So I think that is clearly a lesson that traditional brands can learn and to a degree I guess have learned probably from the online brands but they’ve been really challenged in how to get those reviews. To your point, they don’t have that direct connection even to the extent they’ve started selling direct, it represents a small portion of their sales. And so, a small number of customers relative to the number of people out there who have these products. They’ve got a much broader array of products that they’re trying to build reviews for simultaneously, they probably change their products more often so that the value that they build in reviews then gets lost when they change the product.

So, there’s all kinds of things that are kind of working against them and there just hasn’t been really great tools for this. The only tools that really have been available for brands on this front, by and large the only way they really work, is for massive enterprises .

[Jeff Cassidy]

Yeah, well they’re priced that way.

[Mike Magnuson]

They’re priced that way, they’re designed to target that customer for… TSI can afford it, SSB can afford it, and their biggest retailers can afford it. And by biggest retailers, I’m talking about their top five, ten, fifteen accounts. I think Macy’s, Bloomingdale’s, those types of retailers can afford it. But the bread and butter of this industry that makes up the vast majority of mattresses that are sold out there, those solutions are not for those companies. And so, that’s been an issue for brands and that’s something that I give them a pass for sure because even though they’ve learned the lesson they haven’t had the tools.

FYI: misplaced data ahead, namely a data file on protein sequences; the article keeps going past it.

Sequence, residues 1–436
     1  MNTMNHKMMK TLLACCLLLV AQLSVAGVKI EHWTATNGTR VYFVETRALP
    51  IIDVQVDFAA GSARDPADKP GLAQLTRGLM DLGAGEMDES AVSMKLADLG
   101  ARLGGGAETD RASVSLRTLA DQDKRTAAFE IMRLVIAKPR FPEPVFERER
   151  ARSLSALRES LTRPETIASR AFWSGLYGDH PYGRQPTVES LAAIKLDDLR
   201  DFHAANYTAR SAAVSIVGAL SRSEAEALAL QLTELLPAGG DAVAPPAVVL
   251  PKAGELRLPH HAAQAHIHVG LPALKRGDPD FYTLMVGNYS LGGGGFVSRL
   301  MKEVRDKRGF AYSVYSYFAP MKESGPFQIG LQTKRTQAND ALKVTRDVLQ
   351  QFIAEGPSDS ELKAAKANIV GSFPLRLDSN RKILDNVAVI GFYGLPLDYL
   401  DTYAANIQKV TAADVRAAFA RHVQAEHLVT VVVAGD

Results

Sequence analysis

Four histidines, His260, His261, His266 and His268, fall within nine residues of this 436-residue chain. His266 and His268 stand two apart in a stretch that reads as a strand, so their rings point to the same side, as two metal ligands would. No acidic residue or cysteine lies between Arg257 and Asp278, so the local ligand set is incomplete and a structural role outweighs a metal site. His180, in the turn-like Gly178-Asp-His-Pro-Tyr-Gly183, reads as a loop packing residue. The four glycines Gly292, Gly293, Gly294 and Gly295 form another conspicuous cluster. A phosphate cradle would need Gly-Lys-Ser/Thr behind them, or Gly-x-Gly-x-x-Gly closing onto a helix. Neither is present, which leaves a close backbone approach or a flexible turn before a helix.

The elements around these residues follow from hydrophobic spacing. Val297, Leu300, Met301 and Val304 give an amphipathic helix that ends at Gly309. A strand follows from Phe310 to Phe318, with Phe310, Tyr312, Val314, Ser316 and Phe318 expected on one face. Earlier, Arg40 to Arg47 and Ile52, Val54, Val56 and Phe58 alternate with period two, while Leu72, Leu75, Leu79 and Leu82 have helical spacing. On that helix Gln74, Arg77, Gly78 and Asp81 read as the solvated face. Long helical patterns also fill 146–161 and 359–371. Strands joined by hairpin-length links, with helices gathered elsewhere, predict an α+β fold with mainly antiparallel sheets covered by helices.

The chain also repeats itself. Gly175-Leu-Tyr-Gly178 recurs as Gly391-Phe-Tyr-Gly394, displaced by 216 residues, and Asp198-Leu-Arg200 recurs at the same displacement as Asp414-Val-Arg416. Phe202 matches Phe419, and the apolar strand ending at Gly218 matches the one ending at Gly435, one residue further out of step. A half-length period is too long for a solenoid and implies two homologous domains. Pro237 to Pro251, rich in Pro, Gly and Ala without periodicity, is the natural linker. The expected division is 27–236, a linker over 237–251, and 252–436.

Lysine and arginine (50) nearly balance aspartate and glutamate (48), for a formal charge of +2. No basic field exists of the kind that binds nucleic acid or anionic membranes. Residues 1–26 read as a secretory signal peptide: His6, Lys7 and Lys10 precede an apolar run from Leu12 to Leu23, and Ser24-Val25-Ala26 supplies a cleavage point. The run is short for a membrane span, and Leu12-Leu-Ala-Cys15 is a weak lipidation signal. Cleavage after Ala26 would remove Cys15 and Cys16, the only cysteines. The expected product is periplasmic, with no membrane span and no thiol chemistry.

So in that respect, we’re super excited to be sharing in coming weeks some really cool things on this front because we’ve been approached. In recognition of this problem, retailers have come to us and brands have come to us and said ‘Hey, what can you guys do? As the people who have the largest mattress review platform on the internet, what can you do to help us with this problem?’

And I guess… Shame on us, and shame on me maybe in particular, that we hadn’t thought about that before. But luckily we were approached and we’ve been working on this and as a result of those efforts we’re super excited to be able to basically solve this.